If you have read a number of my older blog posts, you know that I have a love affair with Oregon (for example: Portland, Will You Marry Me?). But I have just spent over a week in Portland and Astoria, and since I left my husband at the helm of the house to take care of three kids, he strongly suggested that coming home and mentioning how much I love it there would be a serious misstep of goodwill and appreciation. So I won’t do that. . . . . .
. . .
The reason for my trip to the totally average Pacific Northwest? David Bram (Fraction Magazine) and I hosted the Roundtable Retreat where six invited photographers came to participate in a four-day, five-night retreat on the Oregon coast.
The goal was for each photographer to strengthen and package a portfolio of work and develop a plan to strategically launch a project. We all stayed together in a quirky house, Real World-style – all the cameras, confessionals and late night debauchery but sadly no hot tub.
Photographers were invited to participate based on their work, experience and willingness to share and explore as a group. The intimate nature of the retreat was designed to foster community and create dialog around the work, as each participant brings different perspectives and ideas. And it rocked. Seriously rocked.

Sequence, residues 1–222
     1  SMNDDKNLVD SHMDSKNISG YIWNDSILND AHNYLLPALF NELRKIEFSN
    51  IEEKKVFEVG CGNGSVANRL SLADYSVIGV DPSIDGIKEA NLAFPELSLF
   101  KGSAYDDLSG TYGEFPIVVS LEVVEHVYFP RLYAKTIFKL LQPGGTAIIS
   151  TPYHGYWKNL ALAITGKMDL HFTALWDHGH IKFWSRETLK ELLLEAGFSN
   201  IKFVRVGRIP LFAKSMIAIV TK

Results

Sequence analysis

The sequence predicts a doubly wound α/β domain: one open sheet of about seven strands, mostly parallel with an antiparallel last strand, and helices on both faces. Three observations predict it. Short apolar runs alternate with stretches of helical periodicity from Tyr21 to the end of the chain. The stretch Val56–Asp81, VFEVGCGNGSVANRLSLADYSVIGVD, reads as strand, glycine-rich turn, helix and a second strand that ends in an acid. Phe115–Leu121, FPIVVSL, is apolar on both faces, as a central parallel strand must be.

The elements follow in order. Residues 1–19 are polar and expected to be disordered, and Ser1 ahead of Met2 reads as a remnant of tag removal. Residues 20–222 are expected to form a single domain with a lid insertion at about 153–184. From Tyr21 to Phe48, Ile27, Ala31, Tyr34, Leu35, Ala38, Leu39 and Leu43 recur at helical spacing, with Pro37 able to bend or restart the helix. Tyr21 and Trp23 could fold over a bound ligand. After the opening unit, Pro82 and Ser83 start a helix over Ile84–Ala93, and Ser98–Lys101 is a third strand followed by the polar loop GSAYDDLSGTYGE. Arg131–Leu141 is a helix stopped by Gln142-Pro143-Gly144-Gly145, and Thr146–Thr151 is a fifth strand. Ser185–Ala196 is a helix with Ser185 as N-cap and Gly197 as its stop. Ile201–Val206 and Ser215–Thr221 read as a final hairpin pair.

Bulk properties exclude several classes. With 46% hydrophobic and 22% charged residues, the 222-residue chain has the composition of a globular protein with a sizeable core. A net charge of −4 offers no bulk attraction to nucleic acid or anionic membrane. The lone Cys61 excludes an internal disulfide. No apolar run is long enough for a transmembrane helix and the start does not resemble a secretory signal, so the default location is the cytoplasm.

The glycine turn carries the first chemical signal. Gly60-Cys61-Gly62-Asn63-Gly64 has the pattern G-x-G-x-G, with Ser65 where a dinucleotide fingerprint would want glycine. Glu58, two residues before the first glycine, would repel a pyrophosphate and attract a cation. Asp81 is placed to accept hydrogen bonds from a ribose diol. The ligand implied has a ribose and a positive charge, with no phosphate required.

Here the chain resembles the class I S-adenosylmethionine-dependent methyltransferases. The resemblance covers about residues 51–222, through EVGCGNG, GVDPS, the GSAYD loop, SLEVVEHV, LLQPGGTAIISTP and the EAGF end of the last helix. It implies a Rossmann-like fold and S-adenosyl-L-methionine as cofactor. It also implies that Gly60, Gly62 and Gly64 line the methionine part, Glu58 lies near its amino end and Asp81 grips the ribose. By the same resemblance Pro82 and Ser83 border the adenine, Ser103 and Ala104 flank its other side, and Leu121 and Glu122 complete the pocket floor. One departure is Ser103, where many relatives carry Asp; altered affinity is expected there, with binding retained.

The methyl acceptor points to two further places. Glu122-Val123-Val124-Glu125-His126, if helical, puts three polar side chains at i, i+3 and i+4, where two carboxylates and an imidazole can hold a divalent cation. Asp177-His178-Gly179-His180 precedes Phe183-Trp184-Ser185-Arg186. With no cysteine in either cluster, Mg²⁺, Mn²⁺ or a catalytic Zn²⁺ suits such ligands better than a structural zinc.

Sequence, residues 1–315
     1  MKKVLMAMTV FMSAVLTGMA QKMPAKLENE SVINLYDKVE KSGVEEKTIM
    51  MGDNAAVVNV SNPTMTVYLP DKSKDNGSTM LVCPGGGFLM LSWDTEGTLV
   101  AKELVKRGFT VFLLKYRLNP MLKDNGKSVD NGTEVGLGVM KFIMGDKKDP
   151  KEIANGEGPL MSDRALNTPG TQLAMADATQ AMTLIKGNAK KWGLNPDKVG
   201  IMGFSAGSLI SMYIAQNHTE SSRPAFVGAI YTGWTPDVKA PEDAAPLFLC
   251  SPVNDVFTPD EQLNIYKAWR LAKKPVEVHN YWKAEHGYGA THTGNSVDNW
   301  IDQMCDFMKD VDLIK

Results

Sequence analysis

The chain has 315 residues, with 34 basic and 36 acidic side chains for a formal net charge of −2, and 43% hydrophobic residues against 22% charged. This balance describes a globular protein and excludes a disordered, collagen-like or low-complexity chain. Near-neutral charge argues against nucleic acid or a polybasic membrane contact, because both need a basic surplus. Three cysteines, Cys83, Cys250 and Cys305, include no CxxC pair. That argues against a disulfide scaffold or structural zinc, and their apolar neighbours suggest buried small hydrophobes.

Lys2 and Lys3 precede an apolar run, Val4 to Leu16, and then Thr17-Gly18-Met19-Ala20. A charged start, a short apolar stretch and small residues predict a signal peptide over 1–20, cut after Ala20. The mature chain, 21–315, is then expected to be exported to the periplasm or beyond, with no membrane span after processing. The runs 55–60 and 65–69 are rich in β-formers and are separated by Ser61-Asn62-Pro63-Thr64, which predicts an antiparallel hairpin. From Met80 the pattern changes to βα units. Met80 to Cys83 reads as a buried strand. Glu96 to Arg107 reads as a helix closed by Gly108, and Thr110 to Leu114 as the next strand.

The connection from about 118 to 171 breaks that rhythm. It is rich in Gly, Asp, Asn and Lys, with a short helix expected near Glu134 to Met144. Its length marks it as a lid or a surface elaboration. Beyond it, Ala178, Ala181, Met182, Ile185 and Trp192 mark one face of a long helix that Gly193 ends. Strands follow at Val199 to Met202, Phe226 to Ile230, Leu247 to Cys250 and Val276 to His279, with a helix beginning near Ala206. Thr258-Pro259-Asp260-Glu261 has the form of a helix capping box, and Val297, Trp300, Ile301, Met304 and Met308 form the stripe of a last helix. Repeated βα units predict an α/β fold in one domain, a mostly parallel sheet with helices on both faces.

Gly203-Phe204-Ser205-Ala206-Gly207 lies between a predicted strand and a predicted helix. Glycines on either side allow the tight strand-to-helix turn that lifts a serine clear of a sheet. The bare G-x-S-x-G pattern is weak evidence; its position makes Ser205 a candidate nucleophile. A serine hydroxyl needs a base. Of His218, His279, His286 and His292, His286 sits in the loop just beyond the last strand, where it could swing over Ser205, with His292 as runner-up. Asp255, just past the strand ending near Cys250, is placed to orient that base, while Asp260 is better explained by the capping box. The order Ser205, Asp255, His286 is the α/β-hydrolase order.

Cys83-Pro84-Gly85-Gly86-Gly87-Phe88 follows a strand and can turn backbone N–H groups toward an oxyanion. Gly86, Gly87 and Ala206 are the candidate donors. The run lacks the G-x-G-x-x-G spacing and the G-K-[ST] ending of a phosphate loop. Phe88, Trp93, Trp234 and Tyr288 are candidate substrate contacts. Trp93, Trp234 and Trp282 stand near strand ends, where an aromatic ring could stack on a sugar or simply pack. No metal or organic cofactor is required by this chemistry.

The group came together both personally and creatively in the most amazing way. They became the Astoria Six, replete with a logo and nicknames. David and I led discussions, critiques and instruction (on topics like social media, writing an artist statement, how to find your audience, what makes a good website and the artist-gallery relationship). We even managed to scout out various Goonies filming locations and take a spin on a carousel. You know, serious stuff.
I feel like I sound like an artist statement myself if I talk about the in-between moments being the most salient ones, but after hashing out nearly ten statements in half as many days, I guess that’s understandable. And nevertheless, that is the truth. The times spent informally discussing art and life and fears and successes were some of the most productive and gratifying moments of the week.
Although I was one of the “leaders”, I came away from this experience feeling inspired and recharged in a way I did not expect. So to the Astoria Six – I am grateful for your light and your humor, your talent and your energy. Thank you for giving as much as you got and for being unforgettable.
The Astoria Six:
Are you a photographer interested in getting a project ready to launch? Check outFlash Powder Projects here.